BLACK PEPPER – King of the Spices

Black pepper (Piper nigrum) is a flowering vine in the family Piperaceae, cultivated for its fruit, known as a peppercorn, which is usually dried and used as a spice and seasoning

Our Black Peppercorns come in a high quality grinder with an adjustable ceramic grinding mechanism for long life. 


BLACK PEPPERCORNS: This is the type you’re likely most familiar with. Along with table salt, ground black pepper has long been one of the most used seasonings in kitchens around the world.


Black peppercorns actually start out as green peppercorns, they’ve just been cooked and dried in the sun.

To say that black pepper has a long and storied history would be the understatement of the century: It was once used as currency in Southeast Asia, and it was an essential part of the mummification process in Ancient Egypt.

Today, we mostly use ground black pepper and black peppercorns to make our food taste better.



Historically, black pepper is one of the most valuable spices that was ever traded. Peppercorns were often used as a commodity money in place of actual coin. So precious and expensive were they that in ancient Rome, you could have a rival killed for a mere handful of them.



    When archaeologists uncovered Ramses II, they found black peppercorns stuffed in his nostrils – this was part of the ritual mummification process. During the Age of Discovery, black pepper and the profit of the spice trade was one of the reasons Portugal, Spain, France, and other European nations sailed the world and expanded the map: to find new sources of spice. Nearly all pepper traded in the ancient world made its way through Malabar on the Indian peninsula, and this is the main reason the region developed as a major port and trading post in the ancient world. Indeed, black peppercorns play a distinct played in human history that is more entrenched in the development of nations than we understand.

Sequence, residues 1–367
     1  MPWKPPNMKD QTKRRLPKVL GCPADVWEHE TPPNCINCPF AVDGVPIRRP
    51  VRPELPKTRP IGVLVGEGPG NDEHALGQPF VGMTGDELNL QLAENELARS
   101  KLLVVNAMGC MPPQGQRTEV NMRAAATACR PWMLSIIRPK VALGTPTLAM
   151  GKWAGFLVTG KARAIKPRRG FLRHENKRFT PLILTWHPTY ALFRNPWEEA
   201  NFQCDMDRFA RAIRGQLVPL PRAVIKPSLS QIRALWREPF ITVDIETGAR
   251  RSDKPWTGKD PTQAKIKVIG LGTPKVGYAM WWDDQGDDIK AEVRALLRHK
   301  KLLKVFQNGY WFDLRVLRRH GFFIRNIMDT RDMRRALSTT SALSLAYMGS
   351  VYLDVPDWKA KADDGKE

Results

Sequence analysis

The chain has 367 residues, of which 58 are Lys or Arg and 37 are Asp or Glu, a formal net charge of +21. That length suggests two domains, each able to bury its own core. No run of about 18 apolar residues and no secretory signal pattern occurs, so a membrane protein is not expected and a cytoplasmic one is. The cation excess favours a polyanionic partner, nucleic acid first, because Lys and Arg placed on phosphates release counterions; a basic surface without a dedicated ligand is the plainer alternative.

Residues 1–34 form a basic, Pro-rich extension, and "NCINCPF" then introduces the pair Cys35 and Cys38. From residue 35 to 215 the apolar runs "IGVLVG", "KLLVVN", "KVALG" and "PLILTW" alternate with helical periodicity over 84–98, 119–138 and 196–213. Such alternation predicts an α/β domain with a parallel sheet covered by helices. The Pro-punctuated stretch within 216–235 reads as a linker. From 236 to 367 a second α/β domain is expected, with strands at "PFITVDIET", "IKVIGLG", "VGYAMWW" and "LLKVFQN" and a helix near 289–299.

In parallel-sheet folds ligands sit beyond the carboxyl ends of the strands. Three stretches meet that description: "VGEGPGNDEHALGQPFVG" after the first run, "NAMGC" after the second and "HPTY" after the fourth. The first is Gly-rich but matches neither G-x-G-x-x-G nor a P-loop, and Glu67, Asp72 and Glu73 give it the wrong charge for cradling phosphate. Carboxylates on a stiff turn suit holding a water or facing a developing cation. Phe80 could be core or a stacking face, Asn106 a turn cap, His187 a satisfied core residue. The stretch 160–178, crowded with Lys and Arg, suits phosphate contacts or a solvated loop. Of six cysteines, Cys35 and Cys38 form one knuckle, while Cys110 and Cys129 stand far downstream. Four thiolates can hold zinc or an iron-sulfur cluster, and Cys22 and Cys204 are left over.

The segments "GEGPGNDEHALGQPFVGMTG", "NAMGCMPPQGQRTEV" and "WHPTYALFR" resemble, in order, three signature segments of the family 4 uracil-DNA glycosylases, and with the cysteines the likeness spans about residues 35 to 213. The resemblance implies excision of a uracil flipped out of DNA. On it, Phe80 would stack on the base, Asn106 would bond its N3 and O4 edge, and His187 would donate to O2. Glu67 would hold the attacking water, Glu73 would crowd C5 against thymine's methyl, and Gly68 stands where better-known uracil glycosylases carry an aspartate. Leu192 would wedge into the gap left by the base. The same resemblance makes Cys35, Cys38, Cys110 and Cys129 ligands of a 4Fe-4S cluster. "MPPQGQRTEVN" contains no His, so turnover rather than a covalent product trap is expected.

Black pepper is used as a spice in nearly all the world’s cuisines as a pungent, spicy, heating agent for food due to the presence of capsaicin and piperine. Teasings of citrus and wood also add to black pepper’s allure. Black peppercorns can be used whole in stews, soups, stocks, and pickles.